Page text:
The most interesting part I think is when Clara snaps to show Charles Reuben what it all really looks like. He discovers that he is the only human being on the island, but that The Coffeehouse was not only translating everything into English for him, but transforming all these other beings from who knows what kinds of universes into human form so he could feel at ease among them, and interacting with them. Most interesting of all is the “true form” of Clara. As we know, she started out 16,000 years prior as an exact replica of Blythe, though a combination of Blythe-as-Handrite-Empress and actual Blythe coming to ask Charles the Grey for help rescuing Simon. Somehow, since that day, her true form has become that of this very sort of Hindu or Tantric Buddhist reminiscent goddess. Perhaps it is that a large part of who she is is a kind of personification of Jobe’s Rectangle itself, or it is an effect of being eight septillion individuals who so many times have merged their memories. Imagine how much experience she has had, 16,000 years of being eight septillion Baristas meeting and interacting with countless souls from every different possible imaginable and unimaginable universe or universe type or realms which cannot even accurately be described as either universes or realms, three and four dimensional universes like ours, as well as multiple variations of fifth and sixth, seventh and eighth, ninth and tenth dimensional origins. Given all we know and don’t know about those higher realms, what would it be like to call these realms home and origin?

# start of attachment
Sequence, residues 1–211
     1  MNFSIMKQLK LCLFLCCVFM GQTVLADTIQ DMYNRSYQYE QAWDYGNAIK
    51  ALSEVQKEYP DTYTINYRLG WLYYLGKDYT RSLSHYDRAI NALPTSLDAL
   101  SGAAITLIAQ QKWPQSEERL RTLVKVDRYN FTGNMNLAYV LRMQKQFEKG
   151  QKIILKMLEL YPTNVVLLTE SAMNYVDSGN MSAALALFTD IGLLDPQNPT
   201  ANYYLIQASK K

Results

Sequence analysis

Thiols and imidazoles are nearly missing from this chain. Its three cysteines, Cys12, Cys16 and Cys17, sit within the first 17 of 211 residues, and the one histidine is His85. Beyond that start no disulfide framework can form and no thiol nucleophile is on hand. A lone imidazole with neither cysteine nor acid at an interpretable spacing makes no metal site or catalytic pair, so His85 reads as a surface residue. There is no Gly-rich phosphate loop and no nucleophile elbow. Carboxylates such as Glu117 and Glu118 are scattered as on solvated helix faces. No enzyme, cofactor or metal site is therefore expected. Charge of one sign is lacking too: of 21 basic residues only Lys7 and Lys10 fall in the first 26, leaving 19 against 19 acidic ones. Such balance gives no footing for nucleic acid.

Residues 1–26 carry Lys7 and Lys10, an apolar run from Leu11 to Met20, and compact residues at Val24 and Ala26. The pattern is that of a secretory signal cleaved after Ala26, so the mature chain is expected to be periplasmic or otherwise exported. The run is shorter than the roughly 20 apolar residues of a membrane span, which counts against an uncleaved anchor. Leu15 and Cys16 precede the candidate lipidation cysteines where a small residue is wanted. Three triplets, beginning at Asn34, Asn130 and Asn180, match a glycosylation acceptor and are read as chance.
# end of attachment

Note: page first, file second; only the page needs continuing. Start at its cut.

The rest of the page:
“Wow, you’re like a god,” indeed.